Data Protection Law in Ireland

Data Protection Law in Ireland  


The Law

The principal legislation governing Data Protection in Ireland is set out in the Data Protection Acts, 1988 and 2003 which are construed together as one act (the “Acts”). The Acts place responsibilities on the persons who collect and process personal information as well as conferring rights on individuals.

Who do the Acts apply to?

The Acts apply to persons and organisations that are established in Ireland and/or to persons and organisations who are based outside the Ireland and the European Economic Area and who actively process data in the state.

The Acts have general applicability across all businesses and, therefore, all businesses need to be aware of their duties and obligations arising under same.

What are Data Controllers & Data Processors?

A Data Controller is generally an individual or a company that controls and is responsible for the keeping and use of personal information on computer or in structured manual files.

A Data Processor holds or processes personal data but does not exercise responsibility or control over it.

Certain Data Controllers and Data Processors are required to register with the Data Protection Commissioner.

Are we a Data Controller or a Data Processor?

If you or your organisation or business either alone or with others:

(a)    keeps or processes any information about living people;

(b)   decides what personal information is going to be kept; and

(c)    decides the use to which the information will be put;

then you, your organisation or business is a Data Controller. Data Controllers can include, for example, companies, government departments and voluntary organisations, general practitioners and sole traders.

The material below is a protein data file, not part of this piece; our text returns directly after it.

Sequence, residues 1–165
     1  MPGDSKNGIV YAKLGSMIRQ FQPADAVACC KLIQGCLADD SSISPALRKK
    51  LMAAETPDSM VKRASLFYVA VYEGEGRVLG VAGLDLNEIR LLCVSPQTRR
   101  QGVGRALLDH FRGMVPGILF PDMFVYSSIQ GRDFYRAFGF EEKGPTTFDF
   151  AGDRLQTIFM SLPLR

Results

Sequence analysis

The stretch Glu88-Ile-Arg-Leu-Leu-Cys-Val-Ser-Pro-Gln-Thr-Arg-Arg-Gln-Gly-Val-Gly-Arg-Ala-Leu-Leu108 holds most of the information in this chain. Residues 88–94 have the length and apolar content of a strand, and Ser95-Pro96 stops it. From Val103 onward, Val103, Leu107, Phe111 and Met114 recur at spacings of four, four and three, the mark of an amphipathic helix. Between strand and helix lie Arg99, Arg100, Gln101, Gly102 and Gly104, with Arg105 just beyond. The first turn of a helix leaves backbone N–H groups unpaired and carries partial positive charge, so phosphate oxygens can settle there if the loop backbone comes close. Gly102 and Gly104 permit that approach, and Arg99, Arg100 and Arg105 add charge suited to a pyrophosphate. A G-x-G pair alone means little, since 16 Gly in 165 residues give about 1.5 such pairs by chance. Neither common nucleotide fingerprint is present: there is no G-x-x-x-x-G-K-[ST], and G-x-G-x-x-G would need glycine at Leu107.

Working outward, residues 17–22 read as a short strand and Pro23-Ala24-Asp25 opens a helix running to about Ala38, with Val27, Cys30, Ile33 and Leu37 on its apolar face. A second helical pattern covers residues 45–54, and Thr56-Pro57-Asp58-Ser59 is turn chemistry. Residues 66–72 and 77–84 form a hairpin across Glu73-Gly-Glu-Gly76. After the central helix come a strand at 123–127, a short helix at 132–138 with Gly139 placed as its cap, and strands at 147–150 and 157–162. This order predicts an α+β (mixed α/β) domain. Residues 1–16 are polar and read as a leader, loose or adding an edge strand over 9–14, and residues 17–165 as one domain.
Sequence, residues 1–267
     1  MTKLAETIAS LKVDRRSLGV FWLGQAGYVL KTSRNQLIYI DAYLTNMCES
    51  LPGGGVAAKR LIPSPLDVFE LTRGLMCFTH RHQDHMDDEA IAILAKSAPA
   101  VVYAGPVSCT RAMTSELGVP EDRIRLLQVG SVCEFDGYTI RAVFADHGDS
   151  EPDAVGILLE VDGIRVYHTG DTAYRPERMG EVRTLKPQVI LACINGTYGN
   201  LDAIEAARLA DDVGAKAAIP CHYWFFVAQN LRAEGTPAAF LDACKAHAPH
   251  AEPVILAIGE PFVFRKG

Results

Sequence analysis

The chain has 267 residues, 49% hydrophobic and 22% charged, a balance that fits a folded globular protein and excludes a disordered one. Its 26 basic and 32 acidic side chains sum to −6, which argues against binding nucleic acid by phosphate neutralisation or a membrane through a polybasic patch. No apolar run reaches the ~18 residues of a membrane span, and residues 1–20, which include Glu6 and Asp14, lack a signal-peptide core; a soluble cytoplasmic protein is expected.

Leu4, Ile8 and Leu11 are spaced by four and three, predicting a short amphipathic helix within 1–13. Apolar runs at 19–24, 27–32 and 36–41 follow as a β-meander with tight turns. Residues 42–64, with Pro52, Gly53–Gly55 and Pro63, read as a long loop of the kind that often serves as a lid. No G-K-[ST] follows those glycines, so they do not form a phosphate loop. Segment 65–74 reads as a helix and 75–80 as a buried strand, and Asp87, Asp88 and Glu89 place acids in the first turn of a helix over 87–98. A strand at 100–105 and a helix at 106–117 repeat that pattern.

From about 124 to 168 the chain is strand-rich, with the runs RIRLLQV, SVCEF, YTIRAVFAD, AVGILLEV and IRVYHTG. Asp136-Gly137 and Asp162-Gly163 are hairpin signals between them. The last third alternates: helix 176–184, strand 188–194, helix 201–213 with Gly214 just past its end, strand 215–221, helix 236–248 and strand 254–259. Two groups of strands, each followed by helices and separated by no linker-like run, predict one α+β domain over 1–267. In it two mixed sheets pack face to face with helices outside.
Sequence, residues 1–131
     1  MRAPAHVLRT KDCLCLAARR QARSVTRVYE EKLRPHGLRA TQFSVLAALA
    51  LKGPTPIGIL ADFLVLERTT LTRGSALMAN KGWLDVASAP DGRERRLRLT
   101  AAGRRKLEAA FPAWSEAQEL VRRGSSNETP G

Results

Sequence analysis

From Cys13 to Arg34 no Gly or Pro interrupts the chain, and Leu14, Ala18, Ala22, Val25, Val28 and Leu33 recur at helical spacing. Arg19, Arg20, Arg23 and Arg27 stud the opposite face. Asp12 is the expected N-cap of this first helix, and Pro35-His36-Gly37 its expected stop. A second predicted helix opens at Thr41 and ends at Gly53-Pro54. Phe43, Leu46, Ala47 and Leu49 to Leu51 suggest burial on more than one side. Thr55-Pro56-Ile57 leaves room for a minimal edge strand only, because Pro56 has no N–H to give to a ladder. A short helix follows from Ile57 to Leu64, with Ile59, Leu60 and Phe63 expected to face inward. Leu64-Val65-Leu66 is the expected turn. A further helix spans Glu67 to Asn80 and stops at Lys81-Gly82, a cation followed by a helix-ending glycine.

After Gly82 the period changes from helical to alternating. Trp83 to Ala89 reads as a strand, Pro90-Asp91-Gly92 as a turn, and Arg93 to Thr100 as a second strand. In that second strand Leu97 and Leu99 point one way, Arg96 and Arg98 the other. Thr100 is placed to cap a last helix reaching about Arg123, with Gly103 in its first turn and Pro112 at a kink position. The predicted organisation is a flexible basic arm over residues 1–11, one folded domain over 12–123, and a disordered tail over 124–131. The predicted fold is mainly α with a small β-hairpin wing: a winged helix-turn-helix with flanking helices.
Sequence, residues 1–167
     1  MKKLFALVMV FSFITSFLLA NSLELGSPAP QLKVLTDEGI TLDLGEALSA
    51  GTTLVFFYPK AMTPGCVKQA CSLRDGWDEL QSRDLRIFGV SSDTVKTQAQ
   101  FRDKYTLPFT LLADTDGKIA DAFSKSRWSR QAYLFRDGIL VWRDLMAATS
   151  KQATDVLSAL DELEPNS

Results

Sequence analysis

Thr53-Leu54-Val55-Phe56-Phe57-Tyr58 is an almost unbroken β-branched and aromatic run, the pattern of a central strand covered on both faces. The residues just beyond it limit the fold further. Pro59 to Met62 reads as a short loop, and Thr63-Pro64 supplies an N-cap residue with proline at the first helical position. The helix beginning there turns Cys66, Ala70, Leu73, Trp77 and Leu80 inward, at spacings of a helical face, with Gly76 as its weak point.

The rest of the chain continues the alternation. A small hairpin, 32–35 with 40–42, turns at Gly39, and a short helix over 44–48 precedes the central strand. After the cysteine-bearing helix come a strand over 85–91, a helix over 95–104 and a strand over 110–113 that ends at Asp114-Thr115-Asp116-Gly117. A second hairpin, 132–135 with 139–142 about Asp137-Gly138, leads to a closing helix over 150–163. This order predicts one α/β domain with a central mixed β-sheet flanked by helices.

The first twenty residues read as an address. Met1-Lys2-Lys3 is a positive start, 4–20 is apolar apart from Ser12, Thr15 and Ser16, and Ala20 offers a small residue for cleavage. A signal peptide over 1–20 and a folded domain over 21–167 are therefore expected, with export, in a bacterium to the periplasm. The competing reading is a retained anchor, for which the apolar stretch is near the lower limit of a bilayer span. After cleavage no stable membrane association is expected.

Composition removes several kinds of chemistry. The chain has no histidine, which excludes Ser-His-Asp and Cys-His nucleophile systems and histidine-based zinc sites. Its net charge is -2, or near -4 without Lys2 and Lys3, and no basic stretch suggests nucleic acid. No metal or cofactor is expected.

If you or your organisation or business:

(a)    keeps or processes personal data on behalf of Data Controllers; but,

(b)   do not exercise any responsibility or control over the data;

then you or your organisation or business is most likely a Data Processor. Data Processors can include, for example, payroll companies, market research companies and firms of accountants.

An organisation can be both a Data Controller and a Data Processor. For example, a payroll company may be a Data Processor with respect to the employee information it processes on behalf of Data Controllers but it will be a Data Controller with respect to the information collected and used in relation to its own employees.

What is Personal Data?

Personal data includes any automated and manual data (data that is recorded as part of a structured filing system) relating to a living individual who is or can be identified from the data or from the data in conjunction with other information which is held by the Data Controller or is likely to be held by them.

What are the duties of Data Controllers?

Section 2 of the Acts outlines a number of data protection principles which all Data Controllers are required to comply with. Data Controllers must:

  1. Obtain and process information fairly. Individuals should be made aware at the time they provide personal information of:

(i)               the identity of the persons collecting it;

(ii)              to what use it will be put; and,

(iii)              to whom the information will be disclosed.

Secondary, future or new uses of the information should also be brought to the attention of persons providing personal information and their consent to such uses should be sought. Examples of how entities might comply with fair processing requirements include where companies issue notices to employees detailing how they process employee data and website privacy policies that describe how companies obtain and process data from web users. Stricter requirements apply to the processing of information for minors.

  1. Keep information only for one or more specified and lawful purposes. When collecting personal data, Data Controllers need to clearly and explicitly specify to the person who is the subject of the data the purpose for which the data is being collected and stored. Collecting information personal information routinely and indiscriminately without a clear and legitimate purpose will result in a breach of this obligation.   
  1. Process information only in ways compatible with the purposes for which it was initially provided. A key question under this duty is whetherthe data is used and disclosed in a way that those who provided the information would have expected it to be used and disclosed. For example, where a charity shared information about its customers with a financial institution for the marketing purposes of the financial institution, this was held to be a breach of this duty.